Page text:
Bringing Help, Hope and H2O: Providing Clean Water for Typhoon Haiyan Survivors
Typhoon Haiyan’s devastation has affected more than thirteen million people across nine regions of the Philippines. In Capiz, one of the hardest-hit areas, nearly 700,000 people have been affected. One of the most vulnerable places in Capiz is the small coastal village of Dayhagan—here, the typhoon destroyed hundreds of people’s homes and livelihoods, and contaminated their water supply. As Action Against Hunger scales up relief efforts in Capiz, one of our first priorities is to restore access to clean water for the people of Dayhagan.
Restoring access to clean water in Dayhagan
Our team of water, sanitation and hygiene experts brought in supplies from Manila to construct a water point using a “bladder,” a large water tank that resembles a water bed. We decided to install it right next to the local health center, which is now doubling as an evacuation center for displaced families. This new water source will help people like Kema Bergera, a 40-year-old resident of Dayhagan who lost everything in the storm. She describes how the typhoon affected her family:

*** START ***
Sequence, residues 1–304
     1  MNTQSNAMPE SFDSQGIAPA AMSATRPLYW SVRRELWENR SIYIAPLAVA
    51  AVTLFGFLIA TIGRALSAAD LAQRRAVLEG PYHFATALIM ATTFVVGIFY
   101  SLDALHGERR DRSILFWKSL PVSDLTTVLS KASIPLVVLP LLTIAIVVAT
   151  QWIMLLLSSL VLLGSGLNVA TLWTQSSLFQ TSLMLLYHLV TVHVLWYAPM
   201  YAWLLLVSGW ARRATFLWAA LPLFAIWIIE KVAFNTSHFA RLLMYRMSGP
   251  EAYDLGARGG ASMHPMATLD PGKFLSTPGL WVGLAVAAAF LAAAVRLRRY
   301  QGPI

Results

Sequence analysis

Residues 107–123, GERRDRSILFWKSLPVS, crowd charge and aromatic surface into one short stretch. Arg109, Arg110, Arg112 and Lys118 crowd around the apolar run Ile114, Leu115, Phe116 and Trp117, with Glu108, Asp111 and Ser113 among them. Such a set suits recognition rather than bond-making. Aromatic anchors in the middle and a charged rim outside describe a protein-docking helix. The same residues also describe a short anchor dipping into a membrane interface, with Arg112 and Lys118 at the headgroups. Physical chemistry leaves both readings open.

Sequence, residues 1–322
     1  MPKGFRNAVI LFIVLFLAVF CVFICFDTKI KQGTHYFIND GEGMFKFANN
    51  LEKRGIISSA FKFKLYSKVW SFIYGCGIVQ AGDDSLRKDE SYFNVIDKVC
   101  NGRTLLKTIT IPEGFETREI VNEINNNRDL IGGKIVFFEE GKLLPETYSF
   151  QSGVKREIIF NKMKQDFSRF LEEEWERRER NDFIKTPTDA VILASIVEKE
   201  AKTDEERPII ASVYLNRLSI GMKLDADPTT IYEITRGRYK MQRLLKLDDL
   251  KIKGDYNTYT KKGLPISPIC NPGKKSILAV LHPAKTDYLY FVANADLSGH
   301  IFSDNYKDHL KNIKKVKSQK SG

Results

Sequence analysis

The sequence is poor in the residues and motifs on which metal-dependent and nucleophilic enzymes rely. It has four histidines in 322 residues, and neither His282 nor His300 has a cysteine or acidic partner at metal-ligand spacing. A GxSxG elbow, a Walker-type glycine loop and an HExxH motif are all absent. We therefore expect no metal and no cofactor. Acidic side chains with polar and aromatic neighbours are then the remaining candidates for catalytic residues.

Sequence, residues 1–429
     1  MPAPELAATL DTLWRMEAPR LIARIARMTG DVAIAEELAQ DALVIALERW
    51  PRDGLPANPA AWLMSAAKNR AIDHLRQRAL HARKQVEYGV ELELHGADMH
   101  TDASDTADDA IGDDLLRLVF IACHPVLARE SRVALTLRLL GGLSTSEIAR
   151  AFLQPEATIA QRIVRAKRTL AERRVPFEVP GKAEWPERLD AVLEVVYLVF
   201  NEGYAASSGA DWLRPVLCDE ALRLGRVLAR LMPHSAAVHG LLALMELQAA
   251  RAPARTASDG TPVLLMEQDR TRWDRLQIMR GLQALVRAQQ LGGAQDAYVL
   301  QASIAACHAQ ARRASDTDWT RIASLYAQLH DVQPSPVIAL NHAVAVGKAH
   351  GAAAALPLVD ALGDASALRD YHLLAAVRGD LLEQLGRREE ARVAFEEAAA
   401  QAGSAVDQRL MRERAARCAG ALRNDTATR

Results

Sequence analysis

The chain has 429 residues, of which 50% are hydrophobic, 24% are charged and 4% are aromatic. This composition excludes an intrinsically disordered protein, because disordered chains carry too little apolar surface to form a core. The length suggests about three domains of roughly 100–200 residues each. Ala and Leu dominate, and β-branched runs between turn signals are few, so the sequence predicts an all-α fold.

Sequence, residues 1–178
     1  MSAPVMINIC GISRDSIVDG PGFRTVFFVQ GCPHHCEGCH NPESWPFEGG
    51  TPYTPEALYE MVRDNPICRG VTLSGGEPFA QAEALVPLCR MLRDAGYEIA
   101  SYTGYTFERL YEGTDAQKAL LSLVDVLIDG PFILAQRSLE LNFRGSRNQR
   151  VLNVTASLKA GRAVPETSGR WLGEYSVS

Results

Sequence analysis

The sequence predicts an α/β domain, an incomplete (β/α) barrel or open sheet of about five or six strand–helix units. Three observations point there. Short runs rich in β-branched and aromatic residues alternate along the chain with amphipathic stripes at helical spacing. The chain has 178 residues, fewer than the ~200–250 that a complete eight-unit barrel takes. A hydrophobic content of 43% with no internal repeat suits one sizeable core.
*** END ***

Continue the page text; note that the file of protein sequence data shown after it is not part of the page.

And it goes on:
“Here in Dayhagan, almost all of us are fishermen. My family lost our boat and our home in the typhoon, and at the moment we do not have the money for repairs. We have nothing. For now, we’re staying in the village health center with other affected families. I don’t know how long we’ll have to stay in the evacuation center. Fortunately, there is a lot of solidarity in the village.”
– Kema Bergera, 40, Typhoon Haiyan survivor, Dayhagan
A successful step towards recovery
The solidarity in the village that Kema talks about is important, because even in times of emergency, we promote community involvement during recovery. A few villagers helped our teams construct a platform for the water tap using sand from a nearby beach as a part of the foundation. The rest of the villagers helped however they could—some made containers to hold the sand, while others added small stones under the tap to prevent the area from getting muddy. Some people, like Kema, simply welcomed us to the village and watched excitedly as we worked.
When the municipality’s fire truck arrives, carrying water from a treatment plant, the whole village lends a hand to help fill the tank. They marvel at the “bladder” as it fills up with clean water, and line up to test the new taps. Excitement builds—they have not had any safe water to drink since the storm hit. As the water starts to flow, villagers applaud, and children splash and play in the water: the people of Dayhagan are celebrating their first step towards recovery.